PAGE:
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How to stay patient, when you have nothing left to give.

When we were in the process to become licensed foster parents, we listened intently to all the training classes we were required to attend. It seemed like a lot of worst-case scenarios to us, and we decided to remain hopeful. I read a handful of books on foster care and adoption, and talked with friends who were in the process, or had adopted already. 

Plus, we already had three kids, one who struggled with ADHD, Anxiety, Sensory Processing Disorder, learning disabilities, and Tourette’s. I knew what it was like to parent a kid with extra challenges, so I thought we’d be fine. There were many things I was ready for, but nothing prepared me for parenting to feel so bad. 

We had gotten past the stage of our adoption being new, dramatic, and interesting to people. Faith’s medical condition was stable, and we had celebrated their adoption finalization with seventy friends at my sister-in-law’s house. Now we were supposed to live happily ever after.

People would say a friendly “hi, how are you?” and I would either breakdown in a socially inappropriate sob story or give them a fake smile and lie about how I was. It seemed there was no middle ground. I felt like I was walking around in a war zone while the world went on as usual. 

Sharon was a special-needs mom I met at church, her teenage son Brandon was in a wheelchair and couldn’t speak. Faith and Brandon bonded with shy smiles over their matching feeding tubes.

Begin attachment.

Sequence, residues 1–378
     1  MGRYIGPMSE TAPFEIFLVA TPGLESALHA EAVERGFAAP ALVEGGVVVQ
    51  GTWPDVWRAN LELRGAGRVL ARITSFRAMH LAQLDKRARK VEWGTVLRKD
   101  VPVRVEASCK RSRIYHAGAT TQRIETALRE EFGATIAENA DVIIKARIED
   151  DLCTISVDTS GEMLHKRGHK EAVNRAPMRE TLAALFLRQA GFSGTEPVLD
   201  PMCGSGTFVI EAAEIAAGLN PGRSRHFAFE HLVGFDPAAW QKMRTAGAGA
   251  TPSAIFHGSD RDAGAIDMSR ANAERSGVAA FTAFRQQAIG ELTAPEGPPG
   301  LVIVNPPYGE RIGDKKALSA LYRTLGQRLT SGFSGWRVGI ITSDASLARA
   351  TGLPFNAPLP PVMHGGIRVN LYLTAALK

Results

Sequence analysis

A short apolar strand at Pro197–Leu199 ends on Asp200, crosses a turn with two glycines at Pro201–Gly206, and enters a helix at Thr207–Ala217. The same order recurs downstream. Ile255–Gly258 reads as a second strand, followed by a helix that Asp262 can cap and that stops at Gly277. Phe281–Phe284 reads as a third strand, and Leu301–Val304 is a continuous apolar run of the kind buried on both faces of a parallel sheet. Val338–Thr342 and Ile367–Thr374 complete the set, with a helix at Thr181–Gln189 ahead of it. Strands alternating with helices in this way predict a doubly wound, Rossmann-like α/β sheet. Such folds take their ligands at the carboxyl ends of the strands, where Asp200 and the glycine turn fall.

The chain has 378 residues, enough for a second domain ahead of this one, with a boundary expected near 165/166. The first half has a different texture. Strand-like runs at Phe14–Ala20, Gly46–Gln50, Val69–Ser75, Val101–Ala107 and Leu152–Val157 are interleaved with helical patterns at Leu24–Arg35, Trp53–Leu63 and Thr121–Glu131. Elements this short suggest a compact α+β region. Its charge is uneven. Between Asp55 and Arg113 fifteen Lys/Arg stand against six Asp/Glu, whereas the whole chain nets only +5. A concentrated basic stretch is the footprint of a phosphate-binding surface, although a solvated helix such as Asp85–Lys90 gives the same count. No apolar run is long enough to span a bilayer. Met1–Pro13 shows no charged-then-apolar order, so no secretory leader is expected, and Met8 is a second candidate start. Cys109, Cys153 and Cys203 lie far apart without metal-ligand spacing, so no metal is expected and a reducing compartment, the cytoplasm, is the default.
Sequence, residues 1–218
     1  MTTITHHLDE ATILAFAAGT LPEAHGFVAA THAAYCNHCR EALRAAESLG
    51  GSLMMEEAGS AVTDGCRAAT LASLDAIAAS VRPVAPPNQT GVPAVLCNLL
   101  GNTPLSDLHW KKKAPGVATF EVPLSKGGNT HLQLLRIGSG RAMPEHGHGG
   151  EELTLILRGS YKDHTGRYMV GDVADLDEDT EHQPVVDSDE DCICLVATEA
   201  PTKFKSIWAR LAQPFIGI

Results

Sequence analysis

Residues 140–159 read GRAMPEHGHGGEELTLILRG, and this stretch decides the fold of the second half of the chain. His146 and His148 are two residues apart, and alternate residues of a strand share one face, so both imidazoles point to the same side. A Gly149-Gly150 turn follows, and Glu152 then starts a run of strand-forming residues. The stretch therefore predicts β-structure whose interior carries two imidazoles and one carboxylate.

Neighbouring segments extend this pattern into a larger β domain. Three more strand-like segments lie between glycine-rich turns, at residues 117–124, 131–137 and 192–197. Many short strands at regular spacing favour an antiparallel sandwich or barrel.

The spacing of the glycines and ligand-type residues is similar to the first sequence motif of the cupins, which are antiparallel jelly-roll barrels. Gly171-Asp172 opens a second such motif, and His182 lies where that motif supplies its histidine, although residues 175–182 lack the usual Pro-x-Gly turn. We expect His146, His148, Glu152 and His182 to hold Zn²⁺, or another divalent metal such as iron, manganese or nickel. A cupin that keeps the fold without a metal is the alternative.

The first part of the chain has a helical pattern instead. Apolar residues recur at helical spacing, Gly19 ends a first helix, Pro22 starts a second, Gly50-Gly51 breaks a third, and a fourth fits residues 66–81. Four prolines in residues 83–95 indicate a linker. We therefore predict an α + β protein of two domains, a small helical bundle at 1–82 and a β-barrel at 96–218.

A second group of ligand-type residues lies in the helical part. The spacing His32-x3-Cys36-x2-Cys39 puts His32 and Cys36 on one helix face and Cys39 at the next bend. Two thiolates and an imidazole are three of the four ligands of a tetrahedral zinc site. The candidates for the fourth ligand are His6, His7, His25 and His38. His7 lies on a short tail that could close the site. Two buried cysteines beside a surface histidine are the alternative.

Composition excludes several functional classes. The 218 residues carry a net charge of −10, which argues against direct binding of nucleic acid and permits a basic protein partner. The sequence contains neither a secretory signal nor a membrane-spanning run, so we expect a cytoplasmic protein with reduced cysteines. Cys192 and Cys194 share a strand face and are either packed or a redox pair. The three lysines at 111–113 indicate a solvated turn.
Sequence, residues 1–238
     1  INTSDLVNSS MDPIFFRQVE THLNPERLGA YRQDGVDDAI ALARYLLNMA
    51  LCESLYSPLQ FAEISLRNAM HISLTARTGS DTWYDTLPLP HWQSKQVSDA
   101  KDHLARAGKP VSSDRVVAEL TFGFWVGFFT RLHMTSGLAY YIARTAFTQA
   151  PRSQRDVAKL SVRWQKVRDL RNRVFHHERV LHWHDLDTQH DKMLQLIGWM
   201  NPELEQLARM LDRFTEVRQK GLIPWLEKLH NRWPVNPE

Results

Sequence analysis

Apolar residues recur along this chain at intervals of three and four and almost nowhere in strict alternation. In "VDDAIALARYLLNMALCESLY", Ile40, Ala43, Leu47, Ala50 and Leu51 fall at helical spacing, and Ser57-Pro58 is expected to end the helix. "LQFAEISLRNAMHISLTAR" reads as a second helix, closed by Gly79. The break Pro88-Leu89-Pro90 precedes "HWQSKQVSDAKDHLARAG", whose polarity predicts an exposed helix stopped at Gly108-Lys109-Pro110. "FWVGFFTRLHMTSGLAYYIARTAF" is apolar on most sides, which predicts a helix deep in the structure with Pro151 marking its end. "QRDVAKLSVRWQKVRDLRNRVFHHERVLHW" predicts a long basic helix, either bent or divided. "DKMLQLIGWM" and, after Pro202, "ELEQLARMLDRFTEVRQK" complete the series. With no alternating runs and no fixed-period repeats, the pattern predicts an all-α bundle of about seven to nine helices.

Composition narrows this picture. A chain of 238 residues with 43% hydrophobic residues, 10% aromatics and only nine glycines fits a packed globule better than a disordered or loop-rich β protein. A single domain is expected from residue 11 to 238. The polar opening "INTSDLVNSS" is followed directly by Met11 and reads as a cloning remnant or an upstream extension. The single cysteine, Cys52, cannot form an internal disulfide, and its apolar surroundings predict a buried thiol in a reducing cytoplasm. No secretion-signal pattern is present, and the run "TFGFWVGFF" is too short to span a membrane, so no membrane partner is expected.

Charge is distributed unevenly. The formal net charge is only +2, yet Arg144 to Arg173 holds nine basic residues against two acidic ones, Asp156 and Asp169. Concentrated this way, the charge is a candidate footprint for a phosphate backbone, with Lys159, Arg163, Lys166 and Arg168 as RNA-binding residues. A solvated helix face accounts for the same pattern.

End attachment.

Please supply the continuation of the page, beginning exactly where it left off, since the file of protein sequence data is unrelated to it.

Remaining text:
Sharon had big sunny blonde hair, a leopard print cardigan, and radiant smile that matched her son’s. She had a joy about her that permeated everything she did, even realities that seemed devastating to me, and I was fascinated by it. 

I asked her over for coffee during my kid’s nap time one day, intent on knowing her better and understanding the secret behind her joy. We chatted for an hour and a half, and she said, “I don’t think I have anything profound to tell you.”

But simply being around her and knowing that joy in the toughest parenting circumstances was possible, was enough for me.  

Emotions are a funny thing, they drive nearly every action we take, or avoid taking, usually without our knowing. My grieving emotions drove me into full time fix it mode. That’s how I planned on having Sharon’s joy, I would just fix all our kids, and then I would have her joy. It sounds absurd now, writing it out, but that belief drove my actions for the better part of six years.   

I also tried a lot of avoidance to help me feel better. I picked up different part time jobs over the years, and they provided the perfect distraction to the meltdowns and pain dominating our home. Busyness was another useful diversion. When I was overdrawn all I could think about was getting to, or recovering from the next activity, and I had little energy to process the pain. 

Trying to control the world so I could feel better was exhausting, because there are truly few things we can control. Especially our kids. If emotions drive everything we do, and we can’t change our circumstances, then how on earth can we feel better, and have Sharon-level-joy?

Proverbs 4:23 tells us “Above all else, guard your heart, for everything you do flows from it.” What the Bible refers to as our heart can be interpreted to our thought and emotional lives. Guard your thoughts, because they determine how you feel and everything you do.